6.45 am Saturday: “Do you realise how far we have to go? Moving off in 15 minutes”.

Total surprise gives way to despair. As a

prospective, I obviously was not going to make

that deadline. I abandoned breakfast, forgot the washing up, got the tent down a lot faster than I'd got it up, threw everything into the fucksack, but I was still late. The ignominy of,it! Spiro

rounded me up like an errant sheep. It was

obvious that he suspected that this was just the beginning. .. I was going to be the one who fell in the crek, was carrying a transistor radio and

three tins-of artichokes, and would eventually sit -

down and cry and have to have my pack carried. 5 am Sunday: Even rising at this godless hour, I was not first up. But I was first ready!

Tony Denham

Let's make,this a base camp, so we won't have any trouble getting in the supplies.” This sounded very promising, and having been promised the civilized hour of 9 am to depart, I was enjoying a leisurely breakfast when. our leader swept past with his retinue, fully five

minutes before 9 o'clock, and shattered me with , ' his “Having a rest day, Jo?” . - oust

The moral is, not only must one_be ready, but one must officiously strive to a appea r'teady. The piece of toast in one hand and th cup! lof coffee in the other will not do.

Til get you, Tony, next time you've got a glass in your hand

Hans Stichter. ; .

What beautiful.cups of tea you make, Hans! What price the salons of London and the coffee shops of Paris when you can have a Stichter chosen bank of rocks on the Little River, fine brews, definitely no floor-sweeping, elegant nibbles, companions couth and not so couth. Ian managed; to keep his Southern Comfort virgo

intacta almost until sunset when the said companions helped him, perhaps too willingly in

some oases, to demolish it. Next day on Breakfast Creek really was the

_morning after. I am going into serious training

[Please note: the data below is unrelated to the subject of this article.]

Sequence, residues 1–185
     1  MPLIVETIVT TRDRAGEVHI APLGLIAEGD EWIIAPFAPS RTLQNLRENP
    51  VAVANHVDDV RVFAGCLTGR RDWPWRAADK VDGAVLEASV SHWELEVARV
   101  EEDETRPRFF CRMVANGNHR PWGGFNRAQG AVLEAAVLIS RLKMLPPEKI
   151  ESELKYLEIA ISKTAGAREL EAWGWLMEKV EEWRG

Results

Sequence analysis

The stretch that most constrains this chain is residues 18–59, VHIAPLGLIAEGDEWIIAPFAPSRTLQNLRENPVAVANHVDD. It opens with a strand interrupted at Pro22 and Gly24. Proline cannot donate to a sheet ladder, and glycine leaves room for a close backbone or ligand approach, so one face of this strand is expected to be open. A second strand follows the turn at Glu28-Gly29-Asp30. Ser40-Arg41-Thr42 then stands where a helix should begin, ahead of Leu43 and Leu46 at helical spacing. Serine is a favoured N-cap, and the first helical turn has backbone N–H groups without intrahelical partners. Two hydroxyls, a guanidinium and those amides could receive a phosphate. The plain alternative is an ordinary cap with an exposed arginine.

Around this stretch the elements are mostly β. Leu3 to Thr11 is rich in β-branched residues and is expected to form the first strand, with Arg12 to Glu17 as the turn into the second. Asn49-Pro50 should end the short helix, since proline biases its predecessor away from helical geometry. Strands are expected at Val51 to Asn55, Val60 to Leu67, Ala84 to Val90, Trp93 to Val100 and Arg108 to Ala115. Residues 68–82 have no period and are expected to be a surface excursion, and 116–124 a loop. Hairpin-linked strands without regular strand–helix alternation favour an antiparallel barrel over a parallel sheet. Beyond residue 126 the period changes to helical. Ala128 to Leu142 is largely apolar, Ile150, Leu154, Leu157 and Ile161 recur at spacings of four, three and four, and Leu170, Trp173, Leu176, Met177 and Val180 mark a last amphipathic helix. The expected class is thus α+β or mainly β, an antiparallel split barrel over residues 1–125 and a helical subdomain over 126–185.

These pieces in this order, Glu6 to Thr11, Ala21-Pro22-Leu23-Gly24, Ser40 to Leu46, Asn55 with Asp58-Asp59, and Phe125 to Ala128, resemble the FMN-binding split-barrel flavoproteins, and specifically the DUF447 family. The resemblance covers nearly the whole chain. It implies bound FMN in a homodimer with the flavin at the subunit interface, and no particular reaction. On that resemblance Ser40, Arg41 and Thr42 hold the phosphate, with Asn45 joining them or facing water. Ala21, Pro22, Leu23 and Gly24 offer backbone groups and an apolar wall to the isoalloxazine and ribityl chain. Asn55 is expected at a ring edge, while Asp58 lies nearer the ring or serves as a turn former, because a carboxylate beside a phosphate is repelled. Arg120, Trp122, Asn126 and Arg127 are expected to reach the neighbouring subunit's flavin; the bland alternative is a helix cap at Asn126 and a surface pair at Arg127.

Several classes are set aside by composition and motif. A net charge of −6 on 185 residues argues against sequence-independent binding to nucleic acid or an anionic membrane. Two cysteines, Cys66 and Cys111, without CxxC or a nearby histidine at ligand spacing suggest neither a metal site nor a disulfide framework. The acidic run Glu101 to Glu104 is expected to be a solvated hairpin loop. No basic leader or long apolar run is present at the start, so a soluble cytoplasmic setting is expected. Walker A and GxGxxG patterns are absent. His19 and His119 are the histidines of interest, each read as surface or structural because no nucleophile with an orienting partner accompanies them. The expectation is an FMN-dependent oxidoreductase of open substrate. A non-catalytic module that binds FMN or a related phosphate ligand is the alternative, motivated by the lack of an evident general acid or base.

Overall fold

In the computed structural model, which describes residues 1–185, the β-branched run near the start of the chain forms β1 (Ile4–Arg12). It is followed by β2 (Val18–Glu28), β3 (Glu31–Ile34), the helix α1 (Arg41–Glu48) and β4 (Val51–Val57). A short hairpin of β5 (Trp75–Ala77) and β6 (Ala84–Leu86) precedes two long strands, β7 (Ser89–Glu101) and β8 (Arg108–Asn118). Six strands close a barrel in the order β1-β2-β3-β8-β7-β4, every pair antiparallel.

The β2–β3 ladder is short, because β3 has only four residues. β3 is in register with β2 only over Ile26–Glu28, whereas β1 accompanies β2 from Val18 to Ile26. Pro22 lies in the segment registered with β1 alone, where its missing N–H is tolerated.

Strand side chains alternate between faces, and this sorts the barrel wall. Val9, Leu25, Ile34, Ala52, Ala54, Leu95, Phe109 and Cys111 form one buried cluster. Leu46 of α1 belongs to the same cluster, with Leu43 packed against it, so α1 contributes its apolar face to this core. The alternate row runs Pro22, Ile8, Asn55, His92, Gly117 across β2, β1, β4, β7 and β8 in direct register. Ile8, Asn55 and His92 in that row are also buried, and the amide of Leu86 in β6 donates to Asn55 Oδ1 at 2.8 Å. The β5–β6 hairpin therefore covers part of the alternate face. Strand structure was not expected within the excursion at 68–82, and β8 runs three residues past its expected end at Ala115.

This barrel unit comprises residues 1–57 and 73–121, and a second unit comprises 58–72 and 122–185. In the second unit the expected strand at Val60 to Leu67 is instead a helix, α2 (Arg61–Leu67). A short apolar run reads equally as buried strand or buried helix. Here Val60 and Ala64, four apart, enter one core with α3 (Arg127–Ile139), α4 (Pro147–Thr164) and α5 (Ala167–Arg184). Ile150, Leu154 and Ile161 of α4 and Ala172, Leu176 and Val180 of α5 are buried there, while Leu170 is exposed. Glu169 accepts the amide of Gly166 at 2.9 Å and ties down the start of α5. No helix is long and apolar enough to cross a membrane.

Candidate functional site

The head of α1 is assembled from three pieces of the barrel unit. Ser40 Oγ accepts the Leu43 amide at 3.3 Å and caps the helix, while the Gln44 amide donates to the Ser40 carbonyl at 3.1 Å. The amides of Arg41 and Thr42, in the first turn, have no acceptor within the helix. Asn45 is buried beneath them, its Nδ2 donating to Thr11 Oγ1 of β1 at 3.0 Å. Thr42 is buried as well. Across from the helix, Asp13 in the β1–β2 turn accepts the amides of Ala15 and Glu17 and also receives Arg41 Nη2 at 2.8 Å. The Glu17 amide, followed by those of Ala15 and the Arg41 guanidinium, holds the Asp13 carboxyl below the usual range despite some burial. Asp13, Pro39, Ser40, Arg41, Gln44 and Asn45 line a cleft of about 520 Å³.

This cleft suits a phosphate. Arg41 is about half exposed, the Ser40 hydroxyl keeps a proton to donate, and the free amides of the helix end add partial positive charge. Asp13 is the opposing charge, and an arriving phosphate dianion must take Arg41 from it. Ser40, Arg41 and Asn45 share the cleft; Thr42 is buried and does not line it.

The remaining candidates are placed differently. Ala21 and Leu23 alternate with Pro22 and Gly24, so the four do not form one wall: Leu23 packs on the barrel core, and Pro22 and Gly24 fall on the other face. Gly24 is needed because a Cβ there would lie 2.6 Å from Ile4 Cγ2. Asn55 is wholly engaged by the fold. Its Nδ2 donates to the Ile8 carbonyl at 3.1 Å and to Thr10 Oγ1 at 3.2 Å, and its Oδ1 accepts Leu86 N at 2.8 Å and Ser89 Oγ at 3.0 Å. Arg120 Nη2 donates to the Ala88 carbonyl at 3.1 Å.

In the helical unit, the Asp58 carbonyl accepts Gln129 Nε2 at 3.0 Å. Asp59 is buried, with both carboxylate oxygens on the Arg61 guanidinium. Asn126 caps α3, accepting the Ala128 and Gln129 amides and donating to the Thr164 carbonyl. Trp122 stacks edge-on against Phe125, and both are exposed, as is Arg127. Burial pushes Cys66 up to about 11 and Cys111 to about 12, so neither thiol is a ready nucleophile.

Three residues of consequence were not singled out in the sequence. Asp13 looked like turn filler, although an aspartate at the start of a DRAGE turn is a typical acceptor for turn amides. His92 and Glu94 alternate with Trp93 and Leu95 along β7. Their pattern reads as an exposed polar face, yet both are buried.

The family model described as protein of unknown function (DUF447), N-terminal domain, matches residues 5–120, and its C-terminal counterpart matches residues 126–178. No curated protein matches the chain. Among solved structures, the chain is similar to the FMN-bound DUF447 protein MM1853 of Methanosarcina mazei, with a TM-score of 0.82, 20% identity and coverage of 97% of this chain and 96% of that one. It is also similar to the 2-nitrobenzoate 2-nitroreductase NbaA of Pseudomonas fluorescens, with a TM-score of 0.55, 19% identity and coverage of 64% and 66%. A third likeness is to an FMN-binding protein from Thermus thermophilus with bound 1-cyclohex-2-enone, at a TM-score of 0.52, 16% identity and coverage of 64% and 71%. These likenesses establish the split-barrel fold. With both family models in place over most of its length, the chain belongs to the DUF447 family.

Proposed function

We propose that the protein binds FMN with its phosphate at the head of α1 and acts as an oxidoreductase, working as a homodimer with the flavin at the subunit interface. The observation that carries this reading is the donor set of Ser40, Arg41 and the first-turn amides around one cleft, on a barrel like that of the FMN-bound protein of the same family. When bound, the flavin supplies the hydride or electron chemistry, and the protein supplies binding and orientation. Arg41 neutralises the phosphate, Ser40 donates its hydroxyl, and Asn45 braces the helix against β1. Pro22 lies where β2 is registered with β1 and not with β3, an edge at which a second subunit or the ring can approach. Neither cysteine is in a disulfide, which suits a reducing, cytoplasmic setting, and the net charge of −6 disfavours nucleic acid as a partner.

for a Debert led trip. Gordon Lee.

7 am. “Let's go! Waddya mean, you're not

ready! Just as well we have a little drive first; you can pack in the car. Well, sling it on the

- outside then! Course you can finish getting . dressed - in the car.

You can have breakfast at moming tea time. Clean your teeth!! This is no Sunday stroll! Look at this map. We're going out here where no-one has been before, then we run up this 1;000 foot hill, find a way down the cliffs, explore this bit of rainforest, chimney up here, abseil down there, shoot these rapids by rucksack and inflated wine- - cask and find somewhere to camp. Come to think of it, perhaps you'd better have breakfast in the car too!”

Bnan Hart. Brian, springing from rock to rock, “One of these days I must. take my trousers off”. Hope springeth eternal, even if the eternal hopeful crawls on hands and knees where the, leader boundeth. Having experienced the Lee spectacular just the weekend before, Brian's easy“' weekend to Mt. Yengo looked just the thing. Saturday was “as programmed” (as they say in Newspeak) .Sunday also was a nice walk - for two days. Still, it was a.lovely sunset, and the last hour in the dark was quite easy since we were on-a road. David kept, playing hare and tortoise, one moment bounding ahead and the next having a little nap by the side of the road, which was a little alarming since he was driving my car home.

Thanks Brian, for the wading down the sandy McDonald River. Wonder if I can arrange to be airdropped in and lifted out. | Sydney Bushwalker - 75” Anniversary Edition - October 2002

Page 38 |